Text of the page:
Attitudes and Beliefs of Marriage and Family Therapists regarding Psychotropic Drugs and Therapy

By Springer, Paul R.; Harris, Steven M. | Journal of Marital and Family Therapy, July 2010 | Go to article overview

Attitudes and Beliefs of Marriage and Family Therapists regarding Psychotropic Drugs and Therapy


Springer, Paul R., Harris, Steven M., Journal of Marital and Family Therapy


Clinical members of AAMFT were solicited by means of a randomized multi-staged clustering technique to identify their attitudes and beliefs regarding psychotropic drugs. All participants were blind to the overall purpose of the study (n = 322) and were directed to read a clinical vignette and then identify what course of action they would take with the client. They were then asked to complete a small questionnaire regarding their attitudes and beliefs regarding psychotropic drugs. Results of the study showed that 35.7% of the clinicians identified medication and a medication referral as a viable treatment option they might pursue with a client meeting criteria for major depressive episode. Clinicians who reported having a dedicated university class (17.2%) in psychopharmacology were more likely to identify medication referral as a treatment option. However, 80% of the AAMFT clinicians we surveyed reported that they were not adequately trained about psychotropic medications in their graduate programs. Further implications regarding diagnostic practices are also discussed, as 26% of clinicians failed to explicitly diagnose the client in the case vignette with depression.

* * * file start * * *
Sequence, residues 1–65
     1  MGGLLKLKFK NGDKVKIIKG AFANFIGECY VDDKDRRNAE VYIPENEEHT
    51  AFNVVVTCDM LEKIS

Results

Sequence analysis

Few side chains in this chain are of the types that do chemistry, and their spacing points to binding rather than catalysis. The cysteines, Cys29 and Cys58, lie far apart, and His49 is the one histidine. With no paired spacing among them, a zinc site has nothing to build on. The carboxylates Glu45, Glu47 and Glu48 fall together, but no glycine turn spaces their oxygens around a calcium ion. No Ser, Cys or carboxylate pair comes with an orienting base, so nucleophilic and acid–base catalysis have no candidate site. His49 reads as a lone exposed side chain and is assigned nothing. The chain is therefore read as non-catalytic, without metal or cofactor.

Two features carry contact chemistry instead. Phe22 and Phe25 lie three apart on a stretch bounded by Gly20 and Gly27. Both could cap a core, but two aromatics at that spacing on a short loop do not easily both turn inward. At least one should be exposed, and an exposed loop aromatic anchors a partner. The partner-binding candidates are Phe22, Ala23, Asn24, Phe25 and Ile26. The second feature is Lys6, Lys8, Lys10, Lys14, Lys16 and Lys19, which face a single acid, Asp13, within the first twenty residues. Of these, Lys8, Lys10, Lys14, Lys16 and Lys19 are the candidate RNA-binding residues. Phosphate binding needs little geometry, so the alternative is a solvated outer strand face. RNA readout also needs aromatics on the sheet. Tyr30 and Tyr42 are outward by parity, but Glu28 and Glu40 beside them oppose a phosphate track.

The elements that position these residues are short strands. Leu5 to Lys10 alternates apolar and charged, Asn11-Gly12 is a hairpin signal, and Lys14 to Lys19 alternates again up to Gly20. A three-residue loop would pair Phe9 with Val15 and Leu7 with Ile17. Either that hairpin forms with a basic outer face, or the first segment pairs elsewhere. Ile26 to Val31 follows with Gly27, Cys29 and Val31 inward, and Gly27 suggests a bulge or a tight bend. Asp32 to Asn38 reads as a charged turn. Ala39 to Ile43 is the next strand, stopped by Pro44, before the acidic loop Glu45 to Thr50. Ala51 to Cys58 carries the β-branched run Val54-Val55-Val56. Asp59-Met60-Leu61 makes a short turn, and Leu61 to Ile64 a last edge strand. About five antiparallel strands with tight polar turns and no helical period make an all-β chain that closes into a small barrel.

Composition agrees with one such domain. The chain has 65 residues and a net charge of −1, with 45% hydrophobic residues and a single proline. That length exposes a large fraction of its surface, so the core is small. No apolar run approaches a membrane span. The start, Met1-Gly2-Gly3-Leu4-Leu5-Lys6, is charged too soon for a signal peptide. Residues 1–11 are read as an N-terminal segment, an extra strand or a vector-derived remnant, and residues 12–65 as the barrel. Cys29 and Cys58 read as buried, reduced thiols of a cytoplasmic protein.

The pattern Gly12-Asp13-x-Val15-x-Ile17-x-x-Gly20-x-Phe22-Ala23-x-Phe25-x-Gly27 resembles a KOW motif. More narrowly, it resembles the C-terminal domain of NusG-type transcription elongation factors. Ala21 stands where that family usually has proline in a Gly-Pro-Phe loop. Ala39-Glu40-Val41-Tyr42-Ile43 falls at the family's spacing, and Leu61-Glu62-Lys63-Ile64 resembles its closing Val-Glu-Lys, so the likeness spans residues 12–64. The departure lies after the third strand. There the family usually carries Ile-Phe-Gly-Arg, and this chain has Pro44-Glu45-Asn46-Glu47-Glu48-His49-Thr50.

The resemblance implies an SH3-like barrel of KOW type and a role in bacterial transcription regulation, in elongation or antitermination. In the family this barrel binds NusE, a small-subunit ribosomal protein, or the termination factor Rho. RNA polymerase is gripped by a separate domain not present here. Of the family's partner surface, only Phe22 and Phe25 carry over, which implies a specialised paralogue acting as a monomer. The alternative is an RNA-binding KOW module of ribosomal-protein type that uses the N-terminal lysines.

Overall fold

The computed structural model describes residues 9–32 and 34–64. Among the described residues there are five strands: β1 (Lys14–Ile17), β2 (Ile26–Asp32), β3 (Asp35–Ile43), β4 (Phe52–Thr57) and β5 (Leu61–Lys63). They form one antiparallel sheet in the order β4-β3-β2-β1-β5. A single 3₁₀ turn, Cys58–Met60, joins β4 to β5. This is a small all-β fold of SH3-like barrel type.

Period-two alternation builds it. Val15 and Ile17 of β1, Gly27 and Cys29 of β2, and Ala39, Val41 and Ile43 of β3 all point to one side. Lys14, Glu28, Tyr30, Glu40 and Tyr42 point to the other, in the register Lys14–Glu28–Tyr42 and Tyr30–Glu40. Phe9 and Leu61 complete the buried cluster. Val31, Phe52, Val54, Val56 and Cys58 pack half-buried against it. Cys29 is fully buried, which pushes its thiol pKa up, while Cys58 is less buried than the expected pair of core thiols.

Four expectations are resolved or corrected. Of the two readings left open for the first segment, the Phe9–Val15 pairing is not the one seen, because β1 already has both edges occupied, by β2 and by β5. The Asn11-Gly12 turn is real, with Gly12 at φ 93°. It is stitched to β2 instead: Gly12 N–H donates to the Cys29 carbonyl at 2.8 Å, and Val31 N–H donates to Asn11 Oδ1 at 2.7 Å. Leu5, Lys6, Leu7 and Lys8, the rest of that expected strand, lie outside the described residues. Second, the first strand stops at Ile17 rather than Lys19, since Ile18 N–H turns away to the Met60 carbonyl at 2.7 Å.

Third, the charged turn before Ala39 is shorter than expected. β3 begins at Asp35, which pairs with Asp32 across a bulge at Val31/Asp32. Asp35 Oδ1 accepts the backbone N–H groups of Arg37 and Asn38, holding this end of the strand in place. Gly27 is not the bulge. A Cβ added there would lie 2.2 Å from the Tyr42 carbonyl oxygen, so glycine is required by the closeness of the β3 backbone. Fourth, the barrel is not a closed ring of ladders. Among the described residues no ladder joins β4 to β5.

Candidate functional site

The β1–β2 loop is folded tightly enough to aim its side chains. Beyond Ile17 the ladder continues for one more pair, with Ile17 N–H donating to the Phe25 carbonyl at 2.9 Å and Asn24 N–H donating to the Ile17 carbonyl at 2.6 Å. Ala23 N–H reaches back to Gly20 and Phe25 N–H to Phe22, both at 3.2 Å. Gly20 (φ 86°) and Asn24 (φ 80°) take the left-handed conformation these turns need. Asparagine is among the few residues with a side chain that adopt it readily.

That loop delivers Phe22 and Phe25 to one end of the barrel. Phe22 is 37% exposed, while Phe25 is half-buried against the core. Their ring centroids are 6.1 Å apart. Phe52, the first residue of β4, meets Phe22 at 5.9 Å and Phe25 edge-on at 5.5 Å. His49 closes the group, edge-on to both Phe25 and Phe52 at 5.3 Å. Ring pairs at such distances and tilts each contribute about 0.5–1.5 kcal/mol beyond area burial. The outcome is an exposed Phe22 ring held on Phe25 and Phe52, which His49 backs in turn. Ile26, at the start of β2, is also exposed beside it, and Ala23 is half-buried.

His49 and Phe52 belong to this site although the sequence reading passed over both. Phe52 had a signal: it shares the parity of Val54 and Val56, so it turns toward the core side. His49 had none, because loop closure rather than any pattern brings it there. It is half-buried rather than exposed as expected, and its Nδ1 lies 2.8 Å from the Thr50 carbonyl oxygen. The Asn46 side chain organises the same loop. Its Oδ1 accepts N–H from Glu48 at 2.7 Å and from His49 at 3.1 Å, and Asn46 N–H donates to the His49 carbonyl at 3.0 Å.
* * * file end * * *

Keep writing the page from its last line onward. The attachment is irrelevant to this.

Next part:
In 2005, Hernandez and Doherty addressed the practice patterns of marriage and family therapists (MFTs) whose clients use psychotropic medication. In this study they found that 91% of all MFTs work with clients who are on some sort of psychotropic medication, and who account for nearly a quarter of their caseload. These findings are important in light of the ambiguity in the MFT field surrounding medication as a therapeutic adjunct. In fact, it suggests that despite past negative beliefs and attitudes about psychopharmacology (Jackson, 1967; Patterson & Magulac, 1994), MFTs do work with patients who receive psychotropic medication. However, little, if any, research examines MFTs' attitudes and beliefs in working with medicated clients. In fact, it is unknown what role MFTs take in collaborating with physicians regarding medication referrals, or even under what circumstances MFTs deem medical consultations to be appropriate (Hernandez & Doherty, 2005).

Historically, some of our founding theorists expressed negative feelings about the appropriateness of medication (Haley, 1989; Jackson, 1967; Markowitz, 1991; Patterson & Magulac, 1994). As a result, marriage and family therapy, as a discipline, has yet to reach a consensus regarding this topic (Hernandez & Doherty, 2005). Even with the advent of newer and safer psychotropic drugs, as well as the emergence of strong research supporting the effectiveness of combined treatment approaches (Beitman, Blinder, Thase, Riba, & Safer, 2003; Beitman & Saveanu, 2005; Friedman et al., 2004; Jindal & Thase, 2003), family therapists seem ambivalent about how helpful medication may be in therapy. In fact, Pinsof and Wynne (1995) provided compelling results in their study that MFT approaches alone are insufficient to treat various mental illnesses. Consequently, MFTs may need to look outside their theories and be willing to look at non-MFT treatments to effectively provide optimal care for their clients.

Compelling research on schizophrenia and bipolar disorders (McFarlane, Dixon, Lukens, & Lucksted, 2003; Miklowitz & Goldstein, 1997) has further established the benefits of developing treatment approaches that are traditionally outside of MFT approaches. These approaches implemented in the schizophrenia and bipolar research still maintain a family-based model, but they are able to effectively develop a collaborative and shared treatment approach while integrating medication and psychoeducation in a complementary way. Results of the schizophrenia and bipolar studies have shown that shared treatment approaches considerably lower relapse rates when family psychoeducation and medication interventions are promoted jointly, when compared to either individual therapy or medication alone (Baucom, Shoham, Mueser, Daiuto, & Stickle, 1998; Miklowitz et al. …

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